Press Release | Brussels, 22 June 2016
Performers call on Members of the European Parliament to support legislation to guarantee fair remuneration from downloading and streaming services
MEPs from different political groups as well as performers and their representatives came together on 21 June 2016 to discuss the fair remuneration of performers in the digital environment.
The 2001 Copyright Directive sought to secure fair remuneration for audio and audiovisual performers from downloading and streaming services. However, the reality is that this well-intended legislation has largely failed Europe’s performers as, 15 years on, most of them still cannot benefit financially from the online use of their performances.
Current EU copyright law must be adapted.
Whilst the European Commission has repeatedly made general statements about the need to ensure fair remuneration for all creators, it has yet failed to come forward with any concrete solution.
At the event hosted by MEP Dietmar Köster, the message from performers and their representatives was clear.
In order to create a sustainable creative sector in Europe all performers must be able to get a fair share of online revenues and earn a decent living also in the digital environment.
The only solution to ensure that all performers in the EU are fairly remunerated for online use is to grant them an unwaivable right to receive equitable remuneration from streaming and downloading on demand, subject to mandatory collective management.
In order for their voice to be heard in the forthcoming debate on EU copyright reform, performers need the active support of the European Parliament.
In this regard the FAIR INTERNET campaign* welcomed yesterday’s exchange with members of the European Parliament and are looking forward to a close dialogue in the coming months.
MEP Dietmar Köster: “Performers are at the heart of Europe’s cultural diversity. But we know that a lot of performers as well as other creators are in a difficult social situation and live under precarious conditions. In this sense adequate remuneration is absolutely necessary. A fair share of the total value generated by the exploitation of the creators’ works must be ensured. EU-legislation should aim to re-balance the transfer of value and guarantee the payment of remuneration for the performer“.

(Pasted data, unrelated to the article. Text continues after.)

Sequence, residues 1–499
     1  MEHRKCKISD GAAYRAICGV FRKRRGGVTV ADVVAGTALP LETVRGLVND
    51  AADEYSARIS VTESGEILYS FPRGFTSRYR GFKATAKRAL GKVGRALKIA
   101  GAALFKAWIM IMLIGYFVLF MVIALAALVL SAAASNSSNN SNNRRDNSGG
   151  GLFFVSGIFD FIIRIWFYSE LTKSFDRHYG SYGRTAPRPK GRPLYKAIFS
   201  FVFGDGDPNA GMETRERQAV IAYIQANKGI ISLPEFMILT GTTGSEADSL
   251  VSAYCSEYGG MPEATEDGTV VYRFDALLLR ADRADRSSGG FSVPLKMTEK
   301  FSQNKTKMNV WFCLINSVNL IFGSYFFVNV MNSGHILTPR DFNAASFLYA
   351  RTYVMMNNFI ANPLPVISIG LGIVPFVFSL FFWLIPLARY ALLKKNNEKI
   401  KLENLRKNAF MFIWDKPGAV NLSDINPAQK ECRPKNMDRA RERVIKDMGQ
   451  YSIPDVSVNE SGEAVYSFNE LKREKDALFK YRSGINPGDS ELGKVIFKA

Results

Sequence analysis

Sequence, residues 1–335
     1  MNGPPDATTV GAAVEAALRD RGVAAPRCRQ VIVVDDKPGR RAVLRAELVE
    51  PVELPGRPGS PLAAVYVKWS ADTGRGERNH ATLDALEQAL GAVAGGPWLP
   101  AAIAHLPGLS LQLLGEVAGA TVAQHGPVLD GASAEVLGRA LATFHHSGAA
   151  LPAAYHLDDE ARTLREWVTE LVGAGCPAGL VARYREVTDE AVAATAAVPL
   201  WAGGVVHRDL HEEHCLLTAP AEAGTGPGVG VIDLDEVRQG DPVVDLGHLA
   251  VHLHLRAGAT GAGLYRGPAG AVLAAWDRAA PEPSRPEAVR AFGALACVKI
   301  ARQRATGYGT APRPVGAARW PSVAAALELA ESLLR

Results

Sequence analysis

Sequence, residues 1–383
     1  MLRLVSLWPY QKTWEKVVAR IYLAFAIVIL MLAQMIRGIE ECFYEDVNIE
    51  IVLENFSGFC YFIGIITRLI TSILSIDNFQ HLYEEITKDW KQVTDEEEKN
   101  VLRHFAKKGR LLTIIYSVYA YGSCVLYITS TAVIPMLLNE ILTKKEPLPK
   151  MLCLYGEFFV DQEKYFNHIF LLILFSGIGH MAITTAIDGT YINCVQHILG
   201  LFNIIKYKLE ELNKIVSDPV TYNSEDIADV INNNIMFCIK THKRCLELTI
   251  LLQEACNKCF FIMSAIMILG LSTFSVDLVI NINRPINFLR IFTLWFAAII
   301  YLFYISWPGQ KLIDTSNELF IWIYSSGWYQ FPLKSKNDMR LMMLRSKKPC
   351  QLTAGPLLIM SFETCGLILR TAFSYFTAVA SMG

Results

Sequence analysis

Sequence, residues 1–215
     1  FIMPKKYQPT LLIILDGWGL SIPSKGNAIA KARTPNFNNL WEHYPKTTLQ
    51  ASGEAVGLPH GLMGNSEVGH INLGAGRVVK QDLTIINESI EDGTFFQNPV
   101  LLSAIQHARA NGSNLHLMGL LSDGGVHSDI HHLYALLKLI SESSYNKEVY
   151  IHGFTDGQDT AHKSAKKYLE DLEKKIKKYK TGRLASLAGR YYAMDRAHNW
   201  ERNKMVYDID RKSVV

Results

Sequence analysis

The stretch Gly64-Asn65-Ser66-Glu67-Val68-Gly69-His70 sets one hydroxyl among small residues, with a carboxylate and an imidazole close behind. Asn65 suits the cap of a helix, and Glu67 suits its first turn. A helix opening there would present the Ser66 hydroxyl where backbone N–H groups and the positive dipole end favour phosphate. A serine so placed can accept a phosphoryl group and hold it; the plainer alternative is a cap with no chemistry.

Benoit Machuel, FIM: “Performers have been granted legislative protection over 15 years since the adoption in 2001 of the InfoSoc Directive. In practice this protection has mainly benefited their producers, due to unbalanced contracts. This situation creates enormous frustration, as most performers see their performances downloaded and streamed millions of times without receiving anything from the revenues generated“.
Christopher Blenkinsop, German performer: “Spotify’s pay-outs to music industry reached €1.63bn in 2015. Many performers remain empty handed. How can this be acceptable?“
Nacho Garcia Vega, Spanish performer: “I rely on my rights to earn a living from my music. In the digital age, artists need these rights to be adapted to streaming and download services. We need the European Parliament to make a difference“.
Xavier Blanc, AEPO-ARTIS: “General support for the idea of fair remuneration is not satisfactory. We need an equitable remuneration for performers paid by the user and administered by performers’ collective management organisation. It must be a main aim of a new EU-copyright legislation“.